3
$\begingroup$

probably a basic question here!

I am a scientist. I'm planning an experiment with cells in a dish. The cells are cheap. I can afford n = 8 biological replicates (individual wells in a multiwell plate, each containing some number of cells.)

However, the chemical test I want to do on the cells is expensive to run. I want to quantify how much of compound X the cells produce as a result of their treatment group. The test is done on the cells' broth - you draw the liquid broth off the cells, place it in a test tube, and run the test from there.

I am wondering if there is any statistical reason I can't combine the liquid broth n = 8 wells of cells into n = 4 test tubes. This would allow me to pay for only n = 4 analysis runs. Assuming I'm careful to mix exactly the same volumes of liquid from each well, it seems to me that this is equivalent to averaging every two samples. Of course, this would mean my n for any statistical tests I run on the results of the chemical test would drop from 8 to 4.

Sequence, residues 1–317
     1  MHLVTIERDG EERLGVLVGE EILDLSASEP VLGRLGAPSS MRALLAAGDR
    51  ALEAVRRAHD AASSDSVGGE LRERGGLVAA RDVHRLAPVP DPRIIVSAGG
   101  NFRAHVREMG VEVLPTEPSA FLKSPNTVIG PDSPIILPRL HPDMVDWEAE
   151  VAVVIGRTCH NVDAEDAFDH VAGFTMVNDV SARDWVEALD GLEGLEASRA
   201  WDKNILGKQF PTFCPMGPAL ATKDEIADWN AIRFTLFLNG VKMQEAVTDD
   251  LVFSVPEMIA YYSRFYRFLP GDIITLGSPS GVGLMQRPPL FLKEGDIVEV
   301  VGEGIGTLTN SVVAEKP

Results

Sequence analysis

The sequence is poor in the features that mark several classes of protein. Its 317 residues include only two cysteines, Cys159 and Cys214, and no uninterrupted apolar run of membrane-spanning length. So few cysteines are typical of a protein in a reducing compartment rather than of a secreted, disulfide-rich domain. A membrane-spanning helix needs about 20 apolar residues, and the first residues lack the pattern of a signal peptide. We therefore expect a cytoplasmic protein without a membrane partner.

Am I missing anything here? Seems too easy.

For biologists, I'd think this is also equivalent to going from n = 8 in a 96-well plate to n = 4 in a 48-well plate. I'd do that except that we don't have any 48-well plates in stock.

Edits requested: there are 20 treatment groups. N = 8 is wells per group (so 160 wells total).

$\endgroup$
2
  • 1
    $\begingroup$ Welcome to Cross Validated! When you talk about n = 8 versus n = 4, is n the number of total wells or the number of wells for each treatment? How many treatments are there? Please provide that information by editing the question, as comments are easy to overlook and can be deleted Also, what you describe seems more like technical replicates rather than biological replicates; see the relevant section of this perspective. $\endgroup$
    – EdM
    Nov 9, 2023 at 16:25
  • $\begingroup$ Added, thank you! Also, appreciate the link; this particular experiment uses all single donor primary cells, so it’s not capturing population variability, just this patient’s response. $\endgroup$
    – Chelsea
    Nov 10, 2023 at 20:07

2 Answers 2

4
$\begingroup$